On its inner side is a small air chamber in the petrous portion of the temporal bone, called the cavity of the tympanum.
By this means the posterior surface of the petrous bone can be exposed as far inwards as the internal auditory meatus.
From the surrounding 794 mesoderm the petrous bone is formed by a process of chondrification and ossification.
The bones related to the organ of hearing, the tympanis and petrous bones, are very solid and dense in structure.
The bony labyrinth presents a series of cavities which are channelled through the substance of the petrous bone.
1540s, from Middle French petreux, from Latin petrosus "stony," from petra "rock," from Greek petra "rock, cliff, ledge, shelf of rock, rocky ridge," of uncertain origin. Possibly from PIE root *per- "to lead, pass over," if the original meaning is "bedrock" and the notion is "what one comes through to" [Watkins].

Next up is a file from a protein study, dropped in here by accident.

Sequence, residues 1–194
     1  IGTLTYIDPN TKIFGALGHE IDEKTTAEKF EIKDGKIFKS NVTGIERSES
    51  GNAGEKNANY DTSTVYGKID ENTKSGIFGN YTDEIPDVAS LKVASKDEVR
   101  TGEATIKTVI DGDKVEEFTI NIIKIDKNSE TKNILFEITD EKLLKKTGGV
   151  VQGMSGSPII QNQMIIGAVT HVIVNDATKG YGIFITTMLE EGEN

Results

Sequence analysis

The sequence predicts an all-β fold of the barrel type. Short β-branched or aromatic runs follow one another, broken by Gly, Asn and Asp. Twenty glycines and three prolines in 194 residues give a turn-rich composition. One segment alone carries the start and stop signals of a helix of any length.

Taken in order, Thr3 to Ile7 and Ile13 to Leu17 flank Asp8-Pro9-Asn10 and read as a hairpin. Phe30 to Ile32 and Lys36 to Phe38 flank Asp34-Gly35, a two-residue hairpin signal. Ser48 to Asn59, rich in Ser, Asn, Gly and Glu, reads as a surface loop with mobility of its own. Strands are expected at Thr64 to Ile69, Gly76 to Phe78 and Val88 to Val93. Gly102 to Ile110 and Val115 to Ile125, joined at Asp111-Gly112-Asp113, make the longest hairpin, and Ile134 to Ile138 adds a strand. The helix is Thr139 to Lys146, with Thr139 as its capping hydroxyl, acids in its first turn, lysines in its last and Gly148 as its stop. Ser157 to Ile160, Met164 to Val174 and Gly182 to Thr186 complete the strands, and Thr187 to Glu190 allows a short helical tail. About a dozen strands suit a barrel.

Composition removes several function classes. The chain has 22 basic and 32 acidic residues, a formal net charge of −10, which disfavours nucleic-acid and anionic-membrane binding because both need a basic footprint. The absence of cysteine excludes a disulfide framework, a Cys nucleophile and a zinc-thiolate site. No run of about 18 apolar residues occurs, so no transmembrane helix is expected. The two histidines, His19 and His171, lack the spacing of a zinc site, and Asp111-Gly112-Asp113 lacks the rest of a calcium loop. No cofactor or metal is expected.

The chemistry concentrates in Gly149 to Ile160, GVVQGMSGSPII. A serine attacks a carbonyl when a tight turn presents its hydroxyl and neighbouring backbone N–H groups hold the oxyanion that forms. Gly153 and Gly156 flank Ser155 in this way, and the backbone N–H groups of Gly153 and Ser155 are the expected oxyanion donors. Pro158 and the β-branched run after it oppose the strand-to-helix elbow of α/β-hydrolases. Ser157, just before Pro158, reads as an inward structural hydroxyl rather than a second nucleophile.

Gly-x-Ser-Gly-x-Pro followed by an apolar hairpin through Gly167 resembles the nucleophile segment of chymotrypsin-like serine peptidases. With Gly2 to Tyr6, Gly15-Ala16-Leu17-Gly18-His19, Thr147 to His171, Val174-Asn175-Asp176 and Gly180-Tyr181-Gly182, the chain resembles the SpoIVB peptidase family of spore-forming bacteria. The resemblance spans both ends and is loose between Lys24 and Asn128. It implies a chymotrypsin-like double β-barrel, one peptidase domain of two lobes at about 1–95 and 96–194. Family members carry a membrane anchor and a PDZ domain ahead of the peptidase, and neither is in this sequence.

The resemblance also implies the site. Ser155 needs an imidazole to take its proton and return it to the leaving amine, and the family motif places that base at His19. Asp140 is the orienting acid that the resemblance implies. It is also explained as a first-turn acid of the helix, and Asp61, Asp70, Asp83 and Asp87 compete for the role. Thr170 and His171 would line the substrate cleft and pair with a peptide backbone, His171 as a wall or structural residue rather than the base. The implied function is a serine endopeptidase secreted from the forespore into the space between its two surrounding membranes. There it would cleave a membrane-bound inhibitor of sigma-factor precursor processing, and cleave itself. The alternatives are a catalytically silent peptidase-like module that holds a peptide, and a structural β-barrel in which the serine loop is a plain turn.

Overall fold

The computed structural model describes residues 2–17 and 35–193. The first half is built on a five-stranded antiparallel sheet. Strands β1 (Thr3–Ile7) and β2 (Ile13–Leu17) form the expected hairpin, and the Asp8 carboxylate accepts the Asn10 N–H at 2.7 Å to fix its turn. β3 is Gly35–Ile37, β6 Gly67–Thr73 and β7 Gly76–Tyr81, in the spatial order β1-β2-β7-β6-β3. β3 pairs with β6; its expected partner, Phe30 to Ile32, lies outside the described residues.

petrous pet·rous (pět'rəs)
Of stony hardness.
Of or relating to the dense hard portion of the temporal bone that forms a protective case for the inner ear.